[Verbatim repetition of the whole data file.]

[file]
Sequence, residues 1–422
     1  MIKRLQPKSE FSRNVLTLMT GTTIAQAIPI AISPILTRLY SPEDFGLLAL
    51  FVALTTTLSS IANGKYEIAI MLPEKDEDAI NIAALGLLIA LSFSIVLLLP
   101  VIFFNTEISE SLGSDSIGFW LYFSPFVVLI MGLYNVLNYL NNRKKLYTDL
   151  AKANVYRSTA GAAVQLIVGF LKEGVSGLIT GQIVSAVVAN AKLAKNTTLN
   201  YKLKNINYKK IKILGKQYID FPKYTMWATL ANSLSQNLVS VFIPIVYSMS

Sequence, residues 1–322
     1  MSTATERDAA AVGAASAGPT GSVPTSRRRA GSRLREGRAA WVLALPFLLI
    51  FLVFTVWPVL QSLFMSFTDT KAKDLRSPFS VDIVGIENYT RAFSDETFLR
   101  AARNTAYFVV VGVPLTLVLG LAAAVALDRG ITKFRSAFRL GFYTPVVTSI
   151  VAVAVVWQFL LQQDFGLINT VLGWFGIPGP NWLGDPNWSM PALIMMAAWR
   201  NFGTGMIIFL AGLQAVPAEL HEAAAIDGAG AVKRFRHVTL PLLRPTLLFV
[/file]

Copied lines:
Sequence, residues 1–422
     1  MIKRLQPKSE FSRNVLTLMT GTTIAQAIPI AISPILTRLY SPEDFGLLAL
    51  FVALTTTLSS IANGKYEIAI MLPEKDEDAI NIAALGLLIA LSFSIVLLLP
   101  VIFFNTEISE SLGSDSIGFW LYFSPFVVLI MGLYNVLNYL NNRKKLYTDL
   151  AKANVYRSTA GAAVQLIVGF LKEGVSGLIT GQIVSAVVAN AKLAKNTTLN
   201  YKLKNINYKK IKILGKQYID FPKYTMWATL ANSLSQNLVS VFIPIVYSMS

Sequence, residues 1–322
     1  MSTATERDAA AVGAASAGPT GSVPTSRRRA GSRLREGRAA WVLALPFLLI
    51  FLVFTVWPVL QSLFMSFTDT KAKDLRSPFS VDIVGIENYT RAFSDETFLR
   101  AARNTAYFVV VGVPLTLVLG LAAAVALDRG ITKFRSAFRL GFYTPVVTSI
   151  VAVAVVWQFL LQQDFGLINT VLGWFGIPGP NWLGDPNWSM PALIMMAAWR
   201  NFGTGMIIFL AGLQAVPAEL HEAAAIDGAG AVKRFRHVTL PLLRPTLLFV